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British Airways scraps green fuels project

British Airways has scrapped its flagship environmental project that was set to turn carbon-rich household waste into biofuel for aircraft.

The airline had partnered with technology firm Solena Fuels Corporation, which filed for bankruptcy three months ago, to build the plant on a disused industrial site in Essex for its ‘Green Sky London’ project – due to open in 2017.

BA said it was “very disappointed” that despite its commitment to the project, Solena was “unable to progress it through to construction”.

The facility would have been able to convert around 500,000 tonnes of waste, which would otherwise be sent to landfill sites, into 50,000 tonnes of low-carbon jet fuel every year.

BA said the project has been mothballed due to low crude oil prices, concerns among investors and a lack of policy engagement from the Conservative government.

“The government needs to support innovative aviation biofuels projects such as this if they are to progress,” said Cathy West, a BA spokeswoman told The Guardian.

“Aviation fuels are not eligible for incentives that road transport fuels receive, making it difficult to build a business case to invest in UK aviation fuels projects. This affects investor confidence.”

She added: “The UK is currently losing out to countries that have prioritised and incentivised developments in the sustainable aviation fuels market.”

The project was due to cost around £200 million with BA originally pledging to purchase the plant’s total output of biofuel for the first 10 years of operation at market prices.

US firm Solena filed for bankruptcy three months ago and BA has now switched attention to other waste-to-fuels firms where joint projects are thought to be at the due diligence stage.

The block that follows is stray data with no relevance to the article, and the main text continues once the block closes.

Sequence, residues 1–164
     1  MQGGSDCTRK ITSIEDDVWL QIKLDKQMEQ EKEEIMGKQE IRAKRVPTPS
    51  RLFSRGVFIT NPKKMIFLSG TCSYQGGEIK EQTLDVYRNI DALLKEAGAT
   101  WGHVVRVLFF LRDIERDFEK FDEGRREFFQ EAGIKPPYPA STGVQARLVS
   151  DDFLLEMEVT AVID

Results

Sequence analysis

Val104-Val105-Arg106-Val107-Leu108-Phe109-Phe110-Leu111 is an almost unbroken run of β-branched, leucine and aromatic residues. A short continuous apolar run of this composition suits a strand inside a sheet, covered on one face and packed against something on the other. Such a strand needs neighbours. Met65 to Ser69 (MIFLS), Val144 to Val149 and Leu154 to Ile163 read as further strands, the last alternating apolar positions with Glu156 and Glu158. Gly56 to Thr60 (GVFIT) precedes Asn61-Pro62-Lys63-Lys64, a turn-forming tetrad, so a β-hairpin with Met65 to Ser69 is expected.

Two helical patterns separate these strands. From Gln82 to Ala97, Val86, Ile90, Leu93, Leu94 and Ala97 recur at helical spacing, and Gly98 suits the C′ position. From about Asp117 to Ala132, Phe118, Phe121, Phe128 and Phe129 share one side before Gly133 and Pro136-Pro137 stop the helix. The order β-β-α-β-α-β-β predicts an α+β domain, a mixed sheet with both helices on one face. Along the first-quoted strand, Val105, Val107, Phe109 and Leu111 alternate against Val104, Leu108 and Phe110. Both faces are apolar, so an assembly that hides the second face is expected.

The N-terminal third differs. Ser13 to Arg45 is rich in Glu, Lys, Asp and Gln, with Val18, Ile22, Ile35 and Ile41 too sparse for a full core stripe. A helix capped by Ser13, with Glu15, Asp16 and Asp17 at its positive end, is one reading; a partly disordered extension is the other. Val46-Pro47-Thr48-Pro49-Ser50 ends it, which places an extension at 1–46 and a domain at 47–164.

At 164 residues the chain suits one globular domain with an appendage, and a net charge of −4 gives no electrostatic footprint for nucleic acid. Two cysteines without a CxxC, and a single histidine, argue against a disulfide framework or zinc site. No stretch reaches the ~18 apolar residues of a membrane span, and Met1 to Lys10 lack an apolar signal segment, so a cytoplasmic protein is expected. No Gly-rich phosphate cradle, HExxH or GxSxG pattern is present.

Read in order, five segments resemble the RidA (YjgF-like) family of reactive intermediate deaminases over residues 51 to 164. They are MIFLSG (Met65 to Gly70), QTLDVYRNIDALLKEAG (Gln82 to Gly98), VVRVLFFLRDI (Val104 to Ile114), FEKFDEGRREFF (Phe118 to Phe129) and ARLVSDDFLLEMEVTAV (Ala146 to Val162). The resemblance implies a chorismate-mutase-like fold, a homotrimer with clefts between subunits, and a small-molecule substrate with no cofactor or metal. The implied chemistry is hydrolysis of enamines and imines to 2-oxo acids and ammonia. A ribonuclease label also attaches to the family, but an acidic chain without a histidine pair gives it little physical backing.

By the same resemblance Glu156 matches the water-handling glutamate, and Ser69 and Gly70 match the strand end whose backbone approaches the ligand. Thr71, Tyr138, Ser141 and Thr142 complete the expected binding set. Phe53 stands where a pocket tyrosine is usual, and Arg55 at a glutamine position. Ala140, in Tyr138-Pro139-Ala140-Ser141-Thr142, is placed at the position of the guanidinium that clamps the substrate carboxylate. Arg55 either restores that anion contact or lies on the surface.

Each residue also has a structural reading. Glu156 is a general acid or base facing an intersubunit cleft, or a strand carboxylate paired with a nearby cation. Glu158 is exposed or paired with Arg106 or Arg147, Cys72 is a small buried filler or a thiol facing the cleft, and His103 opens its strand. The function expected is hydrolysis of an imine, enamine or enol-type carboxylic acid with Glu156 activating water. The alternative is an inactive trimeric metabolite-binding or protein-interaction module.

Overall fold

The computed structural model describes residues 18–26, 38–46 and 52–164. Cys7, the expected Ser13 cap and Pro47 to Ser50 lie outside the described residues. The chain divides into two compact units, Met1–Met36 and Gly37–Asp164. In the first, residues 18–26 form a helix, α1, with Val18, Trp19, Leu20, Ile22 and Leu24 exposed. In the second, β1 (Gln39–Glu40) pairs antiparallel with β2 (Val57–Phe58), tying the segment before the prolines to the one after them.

In November, British Airways was named among the least fuel-efficient airlines operating transatlantic routes.

Comments

I am not surprised that this project has failed. I'd spent a fair bit of time trying to find evidence of Solena ever having demonstrated this technology or having produced anything whatsoever, even at a very small scale. Without success. Nobody has ever managed to make aviation fuels from gasified waste. Solena never published anything to suggest that they had as much as a small pilot plant. It's disingenuous for BA to blame the Government for this 'failure': Technologies are never scaled up from nothing to large-scale overnight, which is what Solena and BA effectively wanted to do. As far as I can see, it was either a PR stunt from the start or BA bought into some very bad advice.

Almuth Ernsting's picture
Almuth Ernsting (not verified)

Solena sold a good idea to many gullible airlines around the world, who clearly did no diligence. Waste to fuel tech does exist at small scale and had been demonstrated by Fulcrum Bioenergy. I believe Cathay Pacific Airlines partnered with them a couple of years back, possibly invested in them. Maybe BA should take a leaf out of cathays book and undertake proper diligence first?

Victor walden's picture
Victor walden (not verified)

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